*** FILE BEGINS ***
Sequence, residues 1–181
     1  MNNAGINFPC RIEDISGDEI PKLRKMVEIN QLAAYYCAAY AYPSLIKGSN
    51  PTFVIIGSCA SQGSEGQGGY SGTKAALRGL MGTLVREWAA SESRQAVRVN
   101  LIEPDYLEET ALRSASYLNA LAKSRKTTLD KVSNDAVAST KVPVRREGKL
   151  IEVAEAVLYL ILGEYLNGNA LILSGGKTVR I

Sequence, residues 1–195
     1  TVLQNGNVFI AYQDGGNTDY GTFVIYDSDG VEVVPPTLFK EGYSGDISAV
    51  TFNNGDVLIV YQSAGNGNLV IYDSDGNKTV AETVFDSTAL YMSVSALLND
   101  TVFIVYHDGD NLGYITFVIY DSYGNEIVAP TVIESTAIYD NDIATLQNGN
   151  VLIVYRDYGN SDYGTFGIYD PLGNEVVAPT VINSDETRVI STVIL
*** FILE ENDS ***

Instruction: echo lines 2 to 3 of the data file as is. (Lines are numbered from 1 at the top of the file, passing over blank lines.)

     1  MNNAGINFPC RIEDISGDEI PKLRKMVEIN QLAAYYCAAY AYPSLIKGSN
    51  PTFVIIGSCA SQGSEGQGGY SGTKAALRGL MGTLVREWAA SESRQAVRVN